The Government last week announced that is backing a pilot project originally developed by ScreenSkills to unlock the apprenticeship levy for the UK’s booming screen industries.
Visiting the set of the new James Bond film, Jeremy Wright, the Secretary of State for Digital, Culture, Media and Sport joined ScreenSkills CEO Seetha Kumar to announce the project at Pinewood Studios, Buckinghamshire.
It responds to screen industry concerns that millions paid by film, television, visual effects (VFX) and animation companies into the Government scheme – mandatory for all with a wages bill in excess of £3 million - is currently unusable for many roles.
The pilot will work on the model of an apprentice training agency (ATA) where apprentices are employed by the agency and placed on multiple placements over the course of the 12-month programme.
This resolves the problem that many production companies cannot offer a 12-month apprenticeship contract – the legal minimum under apprenticeship levy rules – because of the project-based nature of film and television production where even large-scale productions employ few roles continuously for a year.
The ambition is to support around 25 apprentices during the pilot which will be designed to act as a proof of concept for a new model of how high quality apprenticeships can be delivered in the screen industries.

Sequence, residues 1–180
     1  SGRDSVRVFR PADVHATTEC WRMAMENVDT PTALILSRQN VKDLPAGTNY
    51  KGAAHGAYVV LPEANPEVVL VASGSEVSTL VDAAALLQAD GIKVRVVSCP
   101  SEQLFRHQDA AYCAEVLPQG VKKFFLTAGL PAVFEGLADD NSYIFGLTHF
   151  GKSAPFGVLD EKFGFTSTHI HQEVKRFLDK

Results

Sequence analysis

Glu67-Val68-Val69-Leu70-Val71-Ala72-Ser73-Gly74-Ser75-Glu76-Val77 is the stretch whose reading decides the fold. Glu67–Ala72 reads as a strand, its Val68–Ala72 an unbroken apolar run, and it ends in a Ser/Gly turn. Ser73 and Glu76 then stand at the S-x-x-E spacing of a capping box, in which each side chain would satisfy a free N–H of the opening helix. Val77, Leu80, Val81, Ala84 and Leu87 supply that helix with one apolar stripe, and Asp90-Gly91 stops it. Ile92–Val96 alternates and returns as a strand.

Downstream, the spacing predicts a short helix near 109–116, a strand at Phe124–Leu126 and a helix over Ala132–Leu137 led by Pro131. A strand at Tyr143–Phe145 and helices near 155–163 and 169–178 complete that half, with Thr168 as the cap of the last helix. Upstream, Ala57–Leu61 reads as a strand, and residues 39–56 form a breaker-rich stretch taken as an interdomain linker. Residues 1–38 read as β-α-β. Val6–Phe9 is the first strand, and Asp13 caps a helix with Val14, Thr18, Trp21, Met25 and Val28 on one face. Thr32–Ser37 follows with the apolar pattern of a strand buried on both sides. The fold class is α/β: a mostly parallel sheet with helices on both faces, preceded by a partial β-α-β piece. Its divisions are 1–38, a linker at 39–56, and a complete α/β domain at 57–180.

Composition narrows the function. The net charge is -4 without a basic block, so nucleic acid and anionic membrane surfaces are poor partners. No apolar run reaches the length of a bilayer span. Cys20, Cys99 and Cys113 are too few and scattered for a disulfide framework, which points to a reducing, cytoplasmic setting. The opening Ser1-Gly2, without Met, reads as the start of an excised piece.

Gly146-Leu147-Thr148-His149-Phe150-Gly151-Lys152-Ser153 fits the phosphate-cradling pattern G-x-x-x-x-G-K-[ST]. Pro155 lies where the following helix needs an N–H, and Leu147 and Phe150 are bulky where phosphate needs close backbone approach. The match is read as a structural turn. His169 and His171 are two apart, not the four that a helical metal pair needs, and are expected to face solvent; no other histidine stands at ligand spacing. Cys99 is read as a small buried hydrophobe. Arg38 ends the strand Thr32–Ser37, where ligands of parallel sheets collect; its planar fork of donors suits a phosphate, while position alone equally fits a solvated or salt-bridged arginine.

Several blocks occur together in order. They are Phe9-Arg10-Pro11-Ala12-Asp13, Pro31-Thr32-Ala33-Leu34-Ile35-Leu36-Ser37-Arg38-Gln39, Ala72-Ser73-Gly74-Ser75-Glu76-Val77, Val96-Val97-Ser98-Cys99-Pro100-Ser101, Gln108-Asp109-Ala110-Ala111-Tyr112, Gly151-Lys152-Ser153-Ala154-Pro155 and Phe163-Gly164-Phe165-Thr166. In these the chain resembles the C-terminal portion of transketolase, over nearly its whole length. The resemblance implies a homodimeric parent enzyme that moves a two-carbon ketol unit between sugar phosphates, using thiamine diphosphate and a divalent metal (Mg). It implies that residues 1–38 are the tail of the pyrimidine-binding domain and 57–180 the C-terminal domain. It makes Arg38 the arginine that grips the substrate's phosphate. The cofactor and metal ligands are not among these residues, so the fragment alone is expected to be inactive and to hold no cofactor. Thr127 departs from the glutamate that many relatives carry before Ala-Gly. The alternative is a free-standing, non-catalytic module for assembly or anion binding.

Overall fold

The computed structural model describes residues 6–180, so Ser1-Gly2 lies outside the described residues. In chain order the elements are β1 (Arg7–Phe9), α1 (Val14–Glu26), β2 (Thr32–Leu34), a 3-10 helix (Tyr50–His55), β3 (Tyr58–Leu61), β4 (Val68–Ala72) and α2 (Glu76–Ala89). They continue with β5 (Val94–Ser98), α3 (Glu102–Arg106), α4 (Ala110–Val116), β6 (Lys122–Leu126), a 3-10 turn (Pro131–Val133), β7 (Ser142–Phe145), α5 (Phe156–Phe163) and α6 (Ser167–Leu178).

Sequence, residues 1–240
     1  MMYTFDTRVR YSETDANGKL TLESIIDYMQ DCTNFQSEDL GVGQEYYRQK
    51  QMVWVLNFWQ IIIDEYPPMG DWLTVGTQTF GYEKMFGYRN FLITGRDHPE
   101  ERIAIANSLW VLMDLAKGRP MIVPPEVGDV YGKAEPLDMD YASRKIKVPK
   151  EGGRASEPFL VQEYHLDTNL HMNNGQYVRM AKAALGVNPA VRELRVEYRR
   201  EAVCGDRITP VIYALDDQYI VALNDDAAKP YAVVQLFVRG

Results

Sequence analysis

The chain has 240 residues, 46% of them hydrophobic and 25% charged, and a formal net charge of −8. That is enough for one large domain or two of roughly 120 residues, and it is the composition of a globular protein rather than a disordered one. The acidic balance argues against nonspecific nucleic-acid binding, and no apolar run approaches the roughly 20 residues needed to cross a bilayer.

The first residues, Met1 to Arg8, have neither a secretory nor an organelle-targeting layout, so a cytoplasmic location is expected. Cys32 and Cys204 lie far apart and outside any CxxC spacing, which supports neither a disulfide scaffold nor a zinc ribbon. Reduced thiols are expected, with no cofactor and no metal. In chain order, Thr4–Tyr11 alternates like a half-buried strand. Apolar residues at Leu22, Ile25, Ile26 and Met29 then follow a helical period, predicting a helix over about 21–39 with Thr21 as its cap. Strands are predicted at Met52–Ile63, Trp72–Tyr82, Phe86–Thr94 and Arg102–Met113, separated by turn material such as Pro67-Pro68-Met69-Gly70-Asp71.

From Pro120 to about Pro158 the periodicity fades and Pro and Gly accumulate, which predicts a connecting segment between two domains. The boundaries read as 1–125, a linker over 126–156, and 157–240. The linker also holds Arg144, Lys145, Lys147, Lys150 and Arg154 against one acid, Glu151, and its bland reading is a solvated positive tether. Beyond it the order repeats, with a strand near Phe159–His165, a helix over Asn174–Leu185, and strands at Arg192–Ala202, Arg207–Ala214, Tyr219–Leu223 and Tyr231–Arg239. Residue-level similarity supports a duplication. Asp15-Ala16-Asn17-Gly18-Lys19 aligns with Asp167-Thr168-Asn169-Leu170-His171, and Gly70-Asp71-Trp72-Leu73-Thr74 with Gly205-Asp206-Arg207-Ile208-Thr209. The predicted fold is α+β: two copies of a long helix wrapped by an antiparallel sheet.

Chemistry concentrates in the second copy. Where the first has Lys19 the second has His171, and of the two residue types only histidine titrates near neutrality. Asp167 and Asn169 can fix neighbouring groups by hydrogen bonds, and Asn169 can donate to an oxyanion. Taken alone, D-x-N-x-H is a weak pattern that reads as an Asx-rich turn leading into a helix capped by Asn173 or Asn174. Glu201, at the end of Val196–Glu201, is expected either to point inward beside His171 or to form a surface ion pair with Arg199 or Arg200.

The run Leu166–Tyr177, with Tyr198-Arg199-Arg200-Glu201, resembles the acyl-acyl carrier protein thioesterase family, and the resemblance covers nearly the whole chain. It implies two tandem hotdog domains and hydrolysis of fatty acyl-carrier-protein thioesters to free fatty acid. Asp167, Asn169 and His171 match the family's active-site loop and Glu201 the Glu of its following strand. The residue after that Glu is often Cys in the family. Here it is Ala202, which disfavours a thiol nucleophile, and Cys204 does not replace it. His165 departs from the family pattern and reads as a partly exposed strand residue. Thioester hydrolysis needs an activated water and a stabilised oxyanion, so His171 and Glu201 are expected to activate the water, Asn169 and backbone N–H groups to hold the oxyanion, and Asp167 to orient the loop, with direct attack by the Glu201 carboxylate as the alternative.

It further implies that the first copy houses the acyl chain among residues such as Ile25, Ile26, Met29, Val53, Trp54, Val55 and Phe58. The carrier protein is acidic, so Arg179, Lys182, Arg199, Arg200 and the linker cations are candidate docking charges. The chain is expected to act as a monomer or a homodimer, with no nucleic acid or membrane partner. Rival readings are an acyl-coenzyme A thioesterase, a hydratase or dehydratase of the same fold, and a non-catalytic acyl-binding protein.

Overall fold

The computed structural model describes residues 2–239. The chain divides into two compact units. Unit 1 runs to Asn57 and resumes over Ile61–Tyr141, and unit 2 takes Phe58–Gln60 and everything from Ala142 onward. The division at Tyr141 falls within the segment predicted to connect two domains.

ScreenSkills has been working with industry and Government to encourage greater flexibilities in the apprenticeship levy system. The innovative apprenticeships pilot will enable industry employers to transfer available unspent levy funds in to the scheme. DCMS is investing £100,000 towards other costs.
The aim is to make sure that employers in project-based industries are no worse off financially than those in more traditional structures while the apprentice gets the full benefits of an apprenticeship including a minimum 20% off-the-job training.
This work builds on a ScreenSkills campaign to open up the screen industries to new and diverse talent which launched at the end of May. Find Your Future in Film and TV features seven alumni of ScreenSkills training to highlight the range of jobs available behind the camera in film and television and the pathways into them.